Theft happens. Even at a hotel with a sterling reputation, like Marriott.
But here’s the question Melvin Windham is faced with: When your property is taken from a room, who gets to determine its value? Do you? Does the hotel? Or does some third party, like an insurance company?
Here are the specifics of his case: Windham stayed at the Marriott Downtown Richardson in the Dallas suburbs recently.
The door to his room wouldn’t close, so Marriott sent a technician to fix it. He picks up the story from there:
When I returned back to my room after breakfast, my room door was again unlocked and when I took inventory of my personal things, I notice that the bag containing my CDs were missing.
I reported this matter to the front desk and no one ever called to check to see what happen until I got ready to check out when I bought up the matter again.
The front desk person went to get a manager and took approximately 20 minutes to locate a manager. Two managers from Marriott approached me and asked what happened. They had never been notified about the missing items.
Windham was apparently told he could file a formal report after he returned, but when he tried, Marriott went into radio silence. His calls weren’t returned, either.
That’s when he contacted me.
Behavior like that is very un-Marriott-like, so after I gathered all the facts, I contacted the hotel. It responded to Windham with its verdict.
Marriott offered him a flat $75 settlement for his missing CDs.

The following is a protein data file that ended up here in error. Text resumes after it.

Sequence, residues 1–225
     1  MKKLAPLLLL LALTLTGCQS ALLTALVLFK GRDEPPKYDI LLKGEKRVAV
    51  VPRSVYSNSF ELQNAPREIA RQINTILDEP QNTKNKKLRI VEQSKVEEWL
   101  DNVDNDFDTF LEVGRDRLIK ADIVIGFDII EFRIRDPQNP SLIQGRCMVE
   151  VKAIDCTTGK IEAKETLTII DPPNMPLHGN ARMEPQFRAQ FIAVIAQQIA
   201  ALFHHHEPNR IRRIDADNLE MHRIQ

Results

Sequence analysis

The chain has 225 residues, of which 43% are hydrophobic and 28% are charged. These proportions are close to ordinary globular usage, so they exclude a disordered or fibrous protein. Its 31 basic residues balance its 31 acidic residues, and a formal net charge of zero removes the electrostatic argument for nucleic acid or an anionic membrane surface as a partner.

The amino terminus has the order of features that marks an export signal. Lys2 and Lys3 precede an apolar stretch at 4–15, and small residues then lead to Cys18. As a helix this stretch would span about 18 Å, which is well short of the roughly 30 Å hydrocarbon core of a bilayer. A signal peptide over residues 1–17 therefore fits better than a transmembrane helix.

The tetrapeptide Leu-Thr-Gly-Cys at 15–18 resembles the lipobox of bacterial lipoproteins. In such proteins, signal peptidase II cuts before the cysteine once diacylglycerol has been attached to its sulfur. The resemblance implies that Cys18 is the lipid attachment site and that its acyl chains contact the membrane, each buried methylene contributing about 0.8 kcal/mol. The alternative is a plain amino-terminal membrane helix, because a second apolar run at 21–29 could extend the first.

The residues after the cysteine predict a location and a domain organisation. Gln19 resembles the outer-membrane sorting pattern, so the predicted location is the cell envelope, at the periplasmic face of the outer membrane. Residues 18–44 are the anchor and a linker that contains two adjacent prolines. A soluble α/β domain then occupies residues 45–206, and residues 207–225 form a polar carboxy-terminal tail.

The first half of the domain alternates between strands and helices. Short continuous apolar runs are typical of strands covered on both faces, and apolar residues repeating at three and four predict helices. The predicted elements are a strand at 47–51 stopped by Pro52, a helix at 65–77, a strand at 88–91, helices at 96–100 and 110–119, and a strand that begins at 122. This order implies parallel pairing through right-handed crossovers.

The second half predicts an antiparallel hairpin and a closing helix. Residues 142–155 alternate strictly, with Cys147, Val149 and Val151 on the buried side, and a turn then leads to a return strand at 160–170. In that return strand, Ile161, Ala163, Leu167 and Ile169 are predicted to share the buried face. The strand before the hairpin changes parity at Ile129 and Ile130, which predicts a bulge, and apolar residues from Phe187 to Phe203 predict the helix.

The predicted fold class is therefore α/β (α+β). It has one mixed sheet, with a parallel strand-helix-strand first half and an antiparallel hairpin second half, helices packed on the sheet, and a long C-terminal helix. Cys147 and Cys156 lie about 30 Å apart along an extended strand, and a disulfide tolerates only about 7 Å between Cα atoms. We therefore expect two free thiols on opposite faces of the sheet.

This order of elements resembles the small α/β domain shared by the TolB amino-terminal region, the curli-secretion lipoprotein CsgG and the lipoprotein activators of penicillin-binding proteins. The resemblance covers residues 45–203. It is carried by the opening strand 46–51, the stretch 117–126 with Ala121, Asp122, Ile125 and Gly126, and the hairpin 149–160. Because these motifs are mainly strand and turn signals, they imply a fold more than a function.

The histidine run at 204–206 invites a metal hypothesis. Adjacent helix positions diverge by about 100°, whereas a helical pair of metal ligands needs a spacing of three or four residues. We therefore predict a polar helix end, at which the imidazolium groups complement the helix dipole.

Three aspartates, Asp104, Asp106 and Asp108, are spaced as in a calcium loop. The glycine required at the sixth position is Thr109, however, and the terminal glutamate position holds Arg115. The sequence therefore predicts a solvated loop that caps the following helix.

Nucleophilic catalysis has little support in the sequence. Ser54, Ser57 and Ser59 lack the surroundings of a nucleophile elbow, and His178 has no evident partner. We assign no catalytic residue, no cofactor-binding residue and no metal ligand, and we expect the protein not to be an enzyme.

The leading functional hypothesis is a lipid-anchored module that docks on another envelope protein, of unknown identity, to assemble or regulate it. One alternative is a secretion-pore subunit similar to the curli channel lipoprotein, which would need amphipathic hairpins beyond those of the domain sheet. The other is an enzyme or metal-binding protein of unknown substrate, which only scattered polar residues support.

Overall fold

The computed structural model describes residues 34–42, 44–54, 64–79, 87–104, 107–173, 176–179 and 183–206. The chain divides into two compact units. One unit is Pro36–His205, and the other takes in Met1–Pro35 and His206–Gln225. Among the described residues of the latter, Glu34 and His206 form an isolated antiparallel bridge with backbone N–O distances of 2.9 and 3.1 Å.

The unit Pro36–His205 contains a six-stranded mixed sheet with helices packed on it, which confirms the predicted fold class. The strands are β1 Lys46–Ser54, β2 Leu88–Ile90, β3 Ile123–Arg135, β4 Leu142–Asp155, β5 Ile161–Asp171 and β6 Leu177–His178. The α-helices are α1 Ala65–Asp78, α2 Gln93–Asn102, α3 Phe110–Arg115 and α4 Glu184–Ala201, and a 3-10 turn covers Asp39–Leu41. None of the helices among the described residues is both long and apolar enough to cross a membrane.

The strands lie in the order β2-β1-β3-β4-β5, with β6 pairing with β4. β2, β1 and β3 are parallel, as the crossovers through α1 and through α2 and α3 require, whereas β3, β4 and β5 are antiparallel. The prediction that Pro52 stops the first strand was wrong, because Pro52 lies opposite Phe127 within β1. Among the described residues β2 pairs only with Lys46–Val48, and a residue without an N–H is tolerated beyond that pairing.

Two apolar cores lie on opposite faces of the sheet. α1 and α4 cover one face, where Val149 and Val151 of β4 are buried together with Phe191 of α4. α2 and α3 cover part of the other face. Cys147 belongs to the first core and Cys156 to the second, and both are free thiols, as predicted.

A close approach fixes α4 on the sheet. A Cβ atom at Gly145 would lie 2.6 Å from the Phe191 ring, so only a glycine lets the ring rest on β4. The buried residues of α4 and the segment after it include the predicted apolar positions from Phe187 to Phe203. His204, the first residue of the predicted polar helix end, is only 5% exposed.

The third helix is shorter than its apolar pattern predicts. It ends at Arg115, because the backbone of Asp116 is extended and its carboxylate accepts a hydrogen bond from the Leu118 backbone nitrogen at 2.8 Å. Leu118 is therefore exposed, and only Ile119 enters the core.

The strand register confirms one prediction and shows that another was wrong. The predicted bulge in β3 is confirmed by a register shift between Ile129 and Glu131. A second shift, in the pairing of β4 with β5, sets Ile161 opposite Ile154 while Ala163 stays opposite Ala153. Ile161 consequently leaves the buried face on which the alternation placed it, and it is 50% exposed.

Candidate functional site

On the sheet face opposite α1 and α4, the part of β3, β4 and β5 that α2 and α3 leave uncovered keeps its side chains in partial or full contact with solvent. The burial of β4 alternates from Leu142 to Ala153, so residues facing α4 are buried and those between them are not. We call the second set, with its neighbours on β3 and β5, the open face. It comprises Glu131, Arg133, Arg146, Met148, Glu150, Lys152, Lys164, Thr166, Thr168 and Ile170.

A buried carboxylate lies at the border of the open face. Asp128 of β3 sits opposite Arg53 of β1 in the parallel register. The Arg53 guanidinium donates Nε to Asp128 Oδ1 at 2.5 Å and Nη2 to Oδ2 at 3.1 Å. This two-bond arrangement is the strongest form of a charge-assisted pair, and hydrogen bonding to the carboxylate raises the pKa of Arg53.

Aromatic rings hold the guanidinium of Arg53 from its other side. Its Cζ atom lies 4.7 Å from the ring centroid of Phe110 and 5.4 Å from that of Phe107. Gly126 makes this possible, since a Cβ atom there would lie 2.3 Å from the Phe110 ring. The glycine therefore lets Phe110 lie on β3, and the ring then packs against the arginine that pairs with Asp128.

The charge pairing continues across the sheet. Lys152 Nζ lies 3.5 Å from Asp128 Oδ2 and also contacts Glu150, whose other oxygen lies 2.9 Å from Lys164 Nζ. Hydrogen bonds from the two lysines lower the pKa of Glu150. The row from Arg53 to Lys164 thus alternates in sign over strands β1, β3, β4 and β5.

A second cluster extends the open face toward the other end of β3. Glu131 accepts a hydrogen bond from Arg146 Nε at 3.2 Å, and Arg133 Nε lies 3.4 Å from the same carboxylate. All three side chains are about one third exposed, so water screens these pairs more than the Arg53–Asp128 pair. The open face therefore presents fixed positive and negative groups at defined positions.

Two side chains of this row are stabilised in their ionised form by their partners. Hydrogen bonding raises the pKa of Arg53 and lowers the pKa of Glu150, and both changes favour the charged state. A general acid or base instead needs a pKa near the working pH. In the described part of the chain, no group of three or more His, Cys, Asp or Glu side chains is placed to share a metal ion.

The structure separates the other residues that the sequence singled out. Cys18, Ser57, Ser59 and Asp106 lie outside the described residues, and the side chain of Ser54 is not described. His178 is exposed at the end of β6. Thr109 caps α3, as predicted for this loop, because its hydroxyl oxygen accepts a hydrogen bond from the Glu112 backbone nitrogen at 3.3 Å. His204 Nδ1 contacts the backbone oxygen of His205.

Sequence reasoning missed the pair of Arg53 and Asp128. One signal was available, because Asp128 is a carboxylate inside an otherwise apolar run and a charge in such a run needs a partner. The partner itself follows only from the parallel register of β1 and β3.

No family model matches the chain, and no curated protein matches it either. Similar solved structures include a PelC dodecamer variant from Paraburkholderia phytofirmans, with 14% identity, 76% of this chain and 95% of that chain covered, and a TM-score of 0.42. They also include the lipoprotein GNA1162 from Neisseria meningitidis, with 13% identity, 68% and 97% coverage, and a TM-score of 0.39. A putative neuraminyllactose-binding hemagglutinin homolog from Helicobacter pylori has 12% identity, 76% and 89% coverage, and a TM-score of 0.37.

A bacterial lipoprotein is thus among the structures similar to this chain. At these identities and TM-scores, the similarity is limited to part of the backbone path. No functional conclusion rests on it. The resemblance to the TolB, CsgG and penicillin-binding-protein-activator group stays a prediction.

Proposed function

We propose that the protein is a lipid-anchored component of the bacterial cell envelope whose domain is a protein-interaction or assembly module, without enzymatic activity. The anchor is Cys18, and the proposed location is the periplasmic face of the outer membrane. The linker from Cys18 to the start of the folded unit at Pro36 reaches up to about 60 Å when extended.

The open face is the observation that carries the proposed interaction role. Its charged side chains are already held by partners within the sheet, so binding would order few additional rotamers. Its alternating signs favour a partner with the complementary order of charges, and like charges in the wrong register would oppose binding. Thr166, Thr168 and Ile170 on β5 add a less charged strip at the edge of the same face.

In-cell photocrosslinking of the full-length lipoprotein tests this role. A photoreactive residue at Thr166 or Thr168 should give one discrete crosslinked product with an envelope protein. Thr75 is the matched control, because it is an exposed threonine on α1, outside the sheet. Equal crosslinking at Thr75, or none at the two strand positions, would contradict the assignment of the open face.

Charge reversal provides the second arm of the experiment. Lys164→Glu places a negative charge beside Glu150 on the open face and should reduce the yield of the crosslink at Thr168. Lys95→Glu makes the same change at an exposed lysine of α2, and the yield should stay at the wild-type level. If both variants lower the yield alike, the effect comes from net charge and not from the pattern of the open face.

(By the way, my reading of Texas lodging statutes suggests that he’s only entitled to $50, so this is a generous offer, where the law is concerned.)
He’s unhappy with that offer, since it doesn’t even begin to cover the cost of his collection.
Ah, I know what you’re thinking – why not just go to iTunes and download the music there? Forget CDs!
Tell that to my uncle who has an extensive vinyl collection. It is what it is. Also, it’s kind of beside the point.
The bigger question raised by this is: Who gets to determine the value of a stolen item?
I get that question often, and people rarely agree on the answer. A CD collection could have a high sentimental value, but an insurance company or hotel might take a different view.
And then, of course, there’s the law, which might say none of that matters, and that the hotel owes a customer nothing. That certainly applies to this case.
One solution is to keep receipts or get the items you’re traveling with assessed by a professional. That seems like a lot of trouble, but if you’re going to take something like a cherished CD collection or stamp collection on the road with you, knowing exactly how much it would cost to replace it might make some sense.
The other thing you might consider: Know what your rights are under the state’s lodging statues, just in case something is taken from your room. You never know.
At any rate, Marriott has made its final offer, and given that Windham can’t conclusively prove the CDs are worth more than $75, this might not be the worst offer.